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 Article by Dr. Carol Damian

Large Powerful Works

 

The large powerful works of Eduardo daRosa speak of the human history of violence, ritual, and emotional response.  Through the symbols of everyday life, he paints tragedy and despair, but the work is not dark and foreboding.  The colors are pure and expressive, describing figurative subjects with intense clarity and imagination.  Like wall murals of the Renaissance, mixed-media constructions and paintings narrate the human condition; now with a modern abstract vocabulary of brushwork, color and objects that shocks the viewer as much as their confrontational size and subjects.

Eduardo daRosa was born in Portugal.  Disillusioned with the political and artistic climate there, he left to pursue his career in other parts of the world.  In the Latin American environment, he worked in Mexico and he discoverred an affinity with the painters and their "spiritual expressiveness".  The monumental masterpieces of the Mexican muralists affected his own sense of size and scale, as well as his use of art for social comment. 

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In his latest figurative paintings, the unusual pinkish-orange sunsets of South Florida have brought a new range of colors to his palette that is remarkably complementary to his serious subjects.  La joie de Vivre may appear at first glance to be a tribute to Matisse with its dancing figures and bold bright colors.  However, this ode to life makes a totally different and contemporary comment.  The subject is abortion and the right to choose or the alternative: reversion to self-imposed "hanger-surgery" and its bloody results.  This red is the color of blood.  Within its thick application, the paint reveals calligraphic and graffiti scrawls that contain the recognizable symbols of life and death; including a fetus floating aimlessly between the figures.  The large size of the work forces a viewer-to-subject confrontation that engulfs and overwhelms with emotional intensity.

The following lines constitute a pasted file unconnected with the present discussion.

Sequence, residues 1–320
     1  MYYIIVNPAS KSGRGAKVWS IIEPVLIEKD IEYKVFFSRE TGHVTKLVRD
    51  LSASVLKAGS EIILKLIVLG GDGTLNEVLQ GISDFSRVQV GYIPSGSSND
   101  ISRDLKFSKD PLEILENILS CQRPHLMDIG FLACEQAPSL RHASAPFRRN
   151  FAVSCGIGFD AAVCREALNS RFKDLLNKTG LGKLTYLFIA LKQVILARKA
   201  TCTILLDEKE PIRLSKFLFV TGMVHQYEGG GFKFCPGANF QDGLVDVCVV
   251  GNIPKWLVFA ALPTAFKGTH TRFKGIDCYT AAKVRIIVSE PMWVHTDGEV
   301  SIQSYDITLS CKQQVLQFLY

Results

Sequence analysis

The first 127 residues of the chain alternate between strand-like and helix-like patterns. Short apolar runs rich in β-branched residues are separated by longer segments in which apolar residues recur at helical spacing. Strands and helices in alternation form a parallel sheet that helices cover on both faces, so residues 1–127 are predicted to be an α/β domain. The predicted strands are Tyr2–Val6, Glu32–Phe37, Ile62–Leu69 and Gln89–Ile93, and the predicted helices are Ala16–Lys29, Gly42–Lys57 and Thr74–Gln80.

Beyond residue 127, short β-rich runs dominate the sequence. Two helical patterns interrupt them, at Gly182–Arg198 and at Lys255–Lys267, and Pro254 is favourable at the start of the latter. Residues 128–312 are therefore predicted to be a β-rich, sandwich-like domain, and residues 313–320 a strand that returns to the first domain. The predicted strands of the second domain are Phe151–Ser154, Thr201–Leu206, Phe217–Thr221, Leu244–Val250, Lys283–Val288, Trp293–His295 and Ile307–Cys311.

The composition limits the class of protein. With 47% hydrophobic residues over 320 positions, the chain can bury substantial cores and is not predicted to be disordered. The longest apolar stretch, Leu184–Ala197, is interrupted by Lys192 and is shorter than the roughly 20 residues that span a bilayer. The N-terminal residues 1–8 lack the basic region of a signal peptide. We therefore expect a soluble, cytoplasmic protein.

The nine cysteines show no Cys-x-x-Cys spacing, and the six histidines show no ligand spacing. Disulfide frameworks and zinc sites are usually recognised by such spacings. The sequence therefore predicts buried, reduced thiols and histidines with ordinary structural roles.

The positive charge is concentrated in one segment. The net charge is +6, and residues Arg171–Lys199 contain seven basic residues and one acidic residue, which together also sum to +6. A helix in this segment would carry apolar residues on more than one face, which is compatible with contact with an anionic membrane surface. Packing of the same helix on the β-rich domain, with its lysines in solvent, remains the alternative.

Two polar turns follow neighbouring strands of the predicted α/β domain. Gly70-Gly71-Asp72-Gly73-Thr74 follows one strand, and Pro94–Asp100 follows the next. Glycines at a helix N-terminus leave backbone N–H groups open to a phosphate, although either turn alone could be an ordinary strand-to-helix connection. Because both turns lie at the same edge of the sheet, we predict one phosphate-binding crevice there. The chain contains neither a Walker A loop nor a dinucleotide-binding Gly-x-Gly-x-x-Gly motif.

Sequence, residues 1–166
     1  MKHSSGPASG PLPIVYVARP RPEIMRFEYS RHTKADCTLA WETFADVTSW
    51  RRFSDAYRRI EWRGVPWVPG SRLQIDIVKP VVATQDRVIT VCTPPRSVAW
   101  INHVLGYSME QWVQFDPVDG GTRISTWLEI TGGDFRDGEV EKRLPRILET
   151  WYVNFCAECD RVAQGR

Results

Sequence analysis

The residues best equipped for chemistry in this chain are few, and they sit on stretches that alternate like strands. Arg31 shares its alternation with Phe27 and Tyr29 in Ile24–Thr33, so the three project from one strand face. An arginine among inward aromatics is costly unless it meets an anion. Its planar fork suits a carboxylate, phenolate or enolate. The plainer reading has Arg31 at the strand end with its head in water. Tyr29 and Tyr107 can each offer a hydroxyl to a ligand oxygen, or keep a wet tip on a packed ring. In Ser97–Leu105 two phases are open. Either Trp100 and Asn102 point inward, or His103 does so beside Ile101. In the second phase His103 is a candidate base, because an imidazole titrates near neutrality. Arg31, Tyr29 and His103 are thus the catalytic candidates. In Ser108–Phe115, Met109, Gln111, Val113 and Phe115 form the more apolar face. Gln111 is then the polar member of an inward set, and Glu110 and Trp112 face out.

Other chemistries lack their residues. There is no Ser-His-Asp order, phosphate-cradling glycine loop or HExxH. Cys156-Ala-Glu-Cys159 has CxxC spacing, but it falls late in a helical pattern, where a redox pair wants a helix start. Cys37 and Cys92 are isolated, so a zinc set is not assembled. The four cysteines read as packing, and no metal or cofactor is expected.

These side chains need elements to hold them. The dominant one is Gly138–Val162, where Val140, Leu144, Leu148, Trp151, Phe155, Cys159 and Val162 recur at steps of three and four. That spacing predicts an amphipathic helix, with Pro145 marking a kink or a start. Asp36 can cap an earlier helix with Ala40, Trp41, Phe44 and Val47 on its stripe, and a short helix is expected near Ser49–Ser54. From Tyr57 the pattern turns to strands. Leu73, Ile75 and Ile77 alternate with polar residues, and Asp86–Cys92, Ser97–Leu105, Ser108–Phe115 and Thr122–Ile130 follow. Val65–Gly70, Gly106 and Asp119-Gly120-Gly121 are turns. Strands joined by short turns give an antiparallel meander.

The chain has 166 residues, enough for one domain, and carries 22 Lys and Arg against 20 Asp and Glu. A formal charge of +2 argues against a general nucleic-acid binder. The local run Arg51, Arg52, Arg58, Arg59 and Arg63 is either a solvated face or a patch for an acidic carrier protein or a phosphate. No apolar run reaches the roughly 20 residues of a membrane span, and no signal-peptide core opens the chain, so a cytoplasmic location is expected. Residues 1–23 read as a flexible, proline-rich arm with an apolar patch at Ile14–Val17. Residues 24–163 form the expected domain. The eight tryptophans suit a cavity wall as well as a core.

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DaRosa has continued to work on his "Urban Realities" series which incorporates works, sculpture and expressive painting in tremendous constructions and installations.  Peopled with life-size figures and plaster sculptures, these works express his "preoccupation with man confronted by the reality of his modern environment and its ultimate demise".  Joseph Beuys Weeps up Berlin occupies and entire wall and, like on the Berlin Wall, human figures climb in desperate efforts to escape.  Beuys, the pilot and the artist, becomes the metaphor for radical art and its attempt to "start again" by sweeping away the past.  "Urban Realities" encompasses subjects form the past, present and future.  There is no end to the plight of man under these circumstances affording the artist continual sources of inspiration.